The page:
In a world of overload—information overload, option overload and overload overload—there are very few things that set organizations apart from one another.
Decision making about where we will shop, eat and even worship is becoming more and more difficult. Who has the best deal? Where did I have the best experience the last time I was there? Which comes the most recommended by my friends?
The decisions can be difficult and confusing.
I believe that those organizations that will survive and thrive have, as their foundation, one principle that helps them succeed and differentiate themselves—a principle that takes years to perfect and only moments to lose. It's the one principle that will launch a business from mediocre to phenomenal. What is it?
I remember my days in the restaurant business. Consistency was the main goal of our business—being consistently good, that is. If I go to the restaurant today and order a steak, it will be prepared exactly like it was when I ordered it weeks and even months ago. The service will be every bit as good as it was back "then." The overall experience that I have will be good from the moment I walk through the doors until I leave at the end of my meal.
Consistency was vital before us—mostly because we wanted people (customers) to know exactly what to expect every time they came to our restaurant. And, if that experience was good, they would choose to come to our place more often than they choose to go to our competitor's place. And it boiled down to them knowing what they would get every time they stepped through our doors.
The same is true in every organization. Consistency is a foundational key to finding success in today's "overloaded" culture. We must find ways to be more consistent so that the people that come to us can know what to expect and can feel comfortable enough to invite their friends and family to come along with them.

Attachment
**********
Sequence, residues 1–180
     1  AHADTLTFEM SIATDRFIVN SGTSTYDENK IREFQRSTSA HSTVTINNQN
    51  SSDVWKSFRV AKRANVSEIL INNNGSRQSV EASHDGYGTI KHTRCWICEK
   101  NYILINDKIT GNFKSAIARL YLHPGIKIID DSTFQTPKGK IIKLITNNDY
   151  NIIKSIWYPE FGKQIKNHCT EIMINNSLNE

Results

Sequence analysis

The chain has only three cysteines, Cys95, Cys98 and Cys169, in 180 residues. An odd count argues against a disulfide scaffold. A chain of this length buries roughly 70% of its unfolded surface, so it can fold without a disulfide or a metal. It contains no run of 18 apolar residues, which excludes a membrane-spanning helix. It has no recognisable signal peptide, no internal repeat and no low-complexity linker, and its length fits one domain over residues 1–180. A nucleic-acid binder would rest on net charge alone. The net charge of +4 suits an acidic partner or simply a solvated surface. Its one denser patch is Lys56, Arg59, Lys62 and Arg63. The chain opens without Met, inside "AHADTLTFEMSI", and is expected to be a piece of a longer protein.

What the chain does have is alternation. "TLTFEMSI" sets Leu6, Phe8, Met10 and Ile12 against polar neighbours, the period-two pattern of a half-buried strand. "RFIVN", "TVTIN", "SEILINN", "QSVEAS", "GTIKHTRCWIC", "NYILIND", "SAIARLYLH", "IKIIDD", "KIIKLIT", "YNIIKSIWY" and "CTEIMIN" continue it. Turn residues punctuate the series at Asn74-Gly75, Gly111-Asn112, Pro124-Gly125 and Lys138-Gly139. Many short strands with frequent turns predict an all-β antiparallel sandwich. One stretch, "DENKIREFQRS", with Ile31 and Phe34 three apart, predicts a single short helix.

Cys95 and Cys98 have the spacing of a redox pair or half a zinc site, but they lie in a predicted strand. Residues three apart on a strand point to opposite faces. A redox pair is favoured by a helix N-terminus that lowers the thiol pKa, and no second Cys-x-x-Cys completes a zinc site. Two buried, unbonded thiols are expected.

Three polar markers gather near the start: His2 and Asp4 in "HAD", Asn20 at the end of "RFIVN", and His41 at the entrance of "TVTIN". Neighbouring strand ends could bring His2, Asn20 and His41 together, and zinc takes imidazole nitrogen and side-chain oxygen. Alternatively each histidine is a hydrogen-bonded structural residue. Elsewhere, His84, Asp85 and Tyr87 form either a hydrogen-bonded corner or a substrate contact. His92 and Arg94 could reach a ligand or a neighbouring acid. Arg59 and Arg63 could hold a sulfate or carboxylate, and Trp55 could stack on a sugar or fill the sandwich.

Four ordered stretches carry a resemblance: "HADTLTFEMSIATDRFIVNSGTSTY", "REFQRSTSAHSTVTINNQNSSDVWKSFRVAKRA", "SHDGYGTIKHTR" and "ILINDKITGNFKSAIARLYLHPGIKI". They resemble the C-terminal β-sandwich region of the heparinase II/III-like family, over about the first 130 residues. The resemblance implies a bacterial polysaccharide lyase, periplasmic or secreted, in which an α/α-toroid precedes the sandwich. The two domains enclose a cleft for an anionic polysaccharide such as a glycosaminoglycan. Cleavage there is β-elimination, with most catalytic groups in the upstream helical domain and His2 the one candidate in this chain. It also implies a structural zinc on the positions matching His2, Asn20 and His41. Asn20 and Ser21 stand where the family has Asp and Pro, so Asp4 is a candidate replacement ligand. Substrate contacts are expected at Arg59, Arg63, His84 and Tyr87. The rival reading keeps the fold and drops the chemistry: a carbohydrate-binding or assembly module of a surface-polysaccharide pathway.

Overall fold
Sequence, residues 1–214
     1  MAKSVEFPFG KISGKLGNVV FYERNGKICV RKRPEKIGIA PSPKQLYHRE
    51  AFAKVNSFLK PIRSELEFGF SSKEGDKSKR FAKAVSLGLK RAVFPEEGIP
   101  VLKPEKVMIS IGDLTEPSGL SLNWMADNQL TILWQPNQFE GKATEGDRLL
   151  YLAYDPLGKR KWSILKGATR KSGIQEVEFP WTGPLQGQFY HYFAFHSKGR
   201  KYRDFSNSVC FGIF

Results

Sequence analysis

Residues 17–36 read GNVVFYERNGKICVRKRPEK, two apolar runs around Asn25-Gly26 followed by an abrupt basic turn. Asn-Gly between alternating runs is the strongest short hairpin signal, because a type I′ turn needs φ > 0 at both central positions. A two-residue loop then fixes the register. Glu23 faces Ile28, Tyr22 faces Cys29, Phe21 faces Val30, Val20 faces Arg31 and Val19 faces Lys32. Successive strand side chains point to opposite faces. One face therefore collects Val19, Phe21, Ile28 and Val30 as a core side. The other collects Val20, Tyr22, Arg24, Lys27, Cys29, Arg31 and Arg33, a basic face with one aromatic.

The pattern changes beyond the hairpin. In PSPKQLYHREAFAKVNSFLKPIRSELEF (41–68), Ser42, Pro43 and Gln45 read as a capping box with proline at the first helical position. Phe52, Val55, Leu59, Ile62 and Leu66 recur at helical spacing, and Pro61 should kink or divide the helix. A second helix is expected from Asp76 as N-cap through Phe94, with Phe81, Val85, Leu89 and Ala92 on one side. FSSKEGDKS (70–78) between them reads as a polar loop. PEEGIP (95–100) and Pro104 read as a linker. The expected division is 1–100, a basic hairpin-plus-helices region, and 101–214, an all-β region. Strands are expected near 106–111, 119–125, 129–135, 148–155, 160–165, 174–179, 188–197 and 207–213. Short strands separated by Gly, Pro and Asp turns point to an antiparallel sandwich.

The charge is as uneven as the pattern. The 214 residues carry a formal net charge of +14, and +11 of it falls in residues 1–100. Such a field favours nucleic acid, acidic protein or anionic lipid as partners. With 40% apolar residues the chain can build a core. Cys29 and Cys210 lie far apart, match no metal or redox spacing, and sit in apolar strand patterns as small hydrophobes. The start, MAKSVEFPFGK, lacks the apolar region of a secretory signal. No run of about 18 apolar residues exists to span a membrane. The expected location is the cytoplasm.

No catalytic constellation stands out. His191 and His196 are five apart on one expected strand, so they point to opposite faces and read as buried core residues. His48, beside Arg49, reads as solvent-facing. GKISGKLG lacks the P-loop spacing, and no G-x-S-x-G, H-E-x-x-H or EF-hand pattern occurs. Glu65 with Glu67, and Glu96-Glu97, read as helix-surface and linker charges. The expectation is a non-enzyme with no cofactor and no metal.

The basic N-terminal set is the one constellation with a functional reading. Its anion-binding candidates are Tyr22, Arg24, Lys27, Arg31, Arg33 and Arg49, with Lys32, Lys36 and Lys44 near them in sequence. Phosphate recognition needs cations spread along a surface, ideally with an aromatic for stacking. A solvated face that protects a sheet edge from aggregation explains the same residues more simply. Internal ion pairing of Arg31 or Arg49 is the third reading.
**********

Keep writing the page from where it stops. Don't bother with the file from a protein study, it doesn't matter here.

So as a leader, here are five ways to know if your team is inconsistent:
1. You're putting out fires instead of building bridges. If you find yourself regularly having to address crises rather than spending time with customers/people, then you have a team that is inconsistent. The leader of the organization/church/ministry should not be running around addressing issues—but should be meeting people and getting to know those that your organization is reaching.
2. You're reacting instead of being proactive. If you are having to react to things and circumstances rather than having things in place to give people the best experience in your organization, you are leading an inconsistent team. Leaders should have things in place that anticipate needs and concerns so that when they happen, they don't become a distraction from the mission.
3. You're responding to criticism rather than compliments. Inconsistency often brings with it criticism. Critics wait for an organization to fail and then they jump on it. And, if you're a person who finds that your time is monopolized by responding to criticism, you have a consistency problem. A consistent organization, on the other hand, finds that it has raving fans. Think of the best places that you do business with—are they consistent? If so, you are probably quick to recommend them to your friends and tell everyone what a great job they do.
4. You're doing the work rather than leading the work. Leaders of inconsistent organizations can find that they have to spend a lot of their time interacting with the day-to-day. These leaders are entrenched in operational inefficiencies and, because of it, are handicapped in their ability to lead the organization well. They find that they can't get out of the weeds long enough to think about the direction of the organization or make strategic moves to make the team better.
5. You're focused on tasks and systems rather than vision. Don't get me wrong, every leader needs to spend time on tasks and systems. But, once they are set, the leader should be able to delegate the movement of these things to others. A leader of an inconsistent organization will find themselves in the middle of tasks and systems to the point where they can't plan for the future. Rather than visioning for the future, they find their time is spent on how to address the shortfalls from the previous week's or day's operations.
As I mentioned in the beginning, consistency is key for every organization. It doesn't matter what you do or how many employees you have, if any of these five things are true for you, you need to address this foundational principle of consistency.
Tim Parsons is the executive pastor at First Assembly Community Ministries in Lafayette, Indiana. Tim is also a gifted teacher, speaker, and consultant. You can check out his blog on leadership at and follow him on Twitter.
For the original article, visit pastors.com.
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